Of course we remember him as “Doubting Thomas,” and I suppose it has stuck for so long because it is comforting for all of us who haven’t had the opportunity to “See” for ourselves. Without Thomas and his need to SEE, we wouldn’t have heard these powerful words from Jesus, “Have you believed because you have seen me? Blessed are those who have not seen and yet have come to believe” (John 20:29).
Unlike those scared disciples huddled in a locked room, we see because we believe; we don’t believe because we see. Jesus reminds us through his words to Thomas that we receive a special blessing in that.
Many scholars and theologians have a lot to say about faith, believing, doubt, and understanding. It’s a little overwhelming to be sure! My favorite for the week came from commentator Clayton Schmidt, writing the “Feasting on the Word” Lectionary Commentary for Easter 2 Year A, “Faith is a mystery of the heart that the mind wants to solve.” It’s ironic, isn’t it, that while we can agree that faith is a mystery of the heart we find entire tomes written to “work out” what faith is and try to rationalize or explain things like belief and doubt.
Faith is a mystery of the heart, and when we get our minds too invested in trying to figure it all out, we are actually missing out on the freedom of leaning into that mystery, being enveloped, surrounded, and comforted by it.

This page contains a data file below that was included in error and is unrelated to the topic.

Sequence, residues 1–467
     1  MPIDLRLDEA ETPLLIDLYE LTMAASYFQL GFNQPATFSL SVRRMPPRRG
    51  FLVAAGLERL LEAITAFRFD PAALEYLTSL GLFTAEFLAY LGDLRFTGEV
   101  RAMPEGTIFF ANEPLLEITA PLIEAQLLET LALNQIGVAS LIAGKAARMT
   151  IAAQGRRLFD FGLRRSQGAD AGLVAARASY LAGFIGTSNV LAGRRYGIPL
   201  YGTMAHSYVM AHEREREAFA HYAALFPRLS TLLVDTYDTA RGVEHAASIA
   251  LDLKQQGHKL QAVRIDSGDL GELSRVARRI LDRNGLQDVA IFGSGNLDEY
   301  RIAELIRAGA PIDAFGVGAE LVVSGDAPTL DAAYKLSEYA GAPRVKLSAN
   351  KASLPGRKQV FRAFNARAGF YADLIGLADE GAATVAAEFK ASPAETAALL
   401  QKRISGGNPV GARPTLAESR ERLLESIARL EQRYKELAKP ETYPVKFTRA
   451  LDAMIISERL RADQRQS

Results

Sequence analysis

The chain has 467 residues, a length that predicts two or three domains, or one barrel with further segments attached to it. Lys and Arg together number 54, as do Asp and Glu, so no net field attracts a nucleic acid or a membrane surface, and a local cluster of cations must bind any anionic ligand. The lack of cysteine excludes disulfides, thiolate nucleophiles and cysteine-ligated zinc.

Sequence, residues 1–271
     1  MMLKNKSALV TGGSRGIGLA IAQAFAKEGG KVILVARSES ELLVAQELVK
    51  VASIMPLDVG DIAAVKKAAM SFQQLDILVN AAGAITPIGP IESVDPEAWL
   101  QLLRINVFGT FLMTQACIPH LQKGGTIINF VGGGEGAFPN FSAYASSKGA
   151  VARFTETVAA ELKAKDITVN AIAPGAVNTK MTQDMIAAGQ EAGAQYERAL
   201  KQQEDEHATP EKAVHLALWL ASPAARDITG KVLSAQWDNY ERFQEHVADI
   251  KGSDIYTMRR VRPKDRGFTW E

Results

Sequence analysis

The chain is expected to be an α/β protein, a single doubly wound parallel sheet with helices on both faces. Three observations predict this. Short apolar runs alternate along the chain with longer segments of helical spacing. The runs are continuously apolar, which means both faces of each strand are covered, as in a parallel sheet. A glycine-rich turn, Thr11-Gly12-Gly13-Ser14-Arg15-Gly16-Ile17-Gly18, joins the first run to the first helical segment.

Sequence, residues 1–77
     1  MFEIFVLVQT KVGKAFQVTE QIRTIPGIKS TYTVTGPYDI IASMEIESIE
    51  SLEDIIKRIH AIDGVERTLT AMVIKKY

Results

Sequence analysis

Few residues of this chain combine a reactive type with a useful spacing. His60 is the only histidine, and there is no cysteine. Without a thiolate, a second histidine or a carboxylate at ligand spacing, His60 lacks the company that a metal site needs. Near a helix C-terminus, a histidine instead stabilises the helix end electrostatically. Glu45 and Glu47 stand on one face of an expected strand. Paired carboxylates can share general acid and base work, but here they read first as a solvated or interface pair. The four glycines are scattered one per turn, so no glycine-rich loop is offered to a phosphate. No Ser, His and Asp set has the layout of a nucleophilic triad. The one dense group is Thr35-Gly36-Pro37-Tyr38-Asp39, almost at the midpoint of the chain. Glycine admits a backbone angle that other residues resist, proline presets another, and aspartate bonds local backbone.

Take for instance, that wonderfully warm feeling of peace that washes over you in a moment of trial or tragedy. That’s a mystery of faith and it holds fast. . . until our minds get busy (our minds are practicing their own version of FOMO! They don’t want to miss out on anything, so our minds begin their processing). Rather than resting in that peace and soaking it up, we think, “Wait, this is terrible! What am I going to do? How will I solve this?” and then our minds race with all the “What ifs?” and “Whys?” and as our mind becomes more active we destroy that incredible peace that came as a gift of faith; a promise from the Spirit that we are cared for and comforted. It could be what we read about in the epistles: “A peace that passes understanding” (Phil 4:7). But our minds cannot understand it, and more often than not, in our attempt to try and understand or explain it, we utterly destroy it.
If there’s anything to be learned about Thomas and the blessing of believing without seeing, it is that we would do well to let go of our need to prove and explain everything. There is a special blessing to be found in a child-like faith: a faith that feels and experiences while engaging fully in the wonder of it all.
It’s almost as if it is a choice then, to believe. To believe even when we feel our prayers aren’t answered; to believe even in the face of terrible evil and destruction in the world. I think I like the way Madeleine L’Engle, a wonderful weaver of fictional tales and a beautiful commentator on living a life of faith, responded when asked, “Do you believe in God without any doubts?” In her self-assured way, she answered, “I believe in God with all my doubts.”
May you also lean in and embrace the mystery. May you find yourself full of wonder and willing to let go of your need to understand every little detail. May you come to believe in God with all your doubts.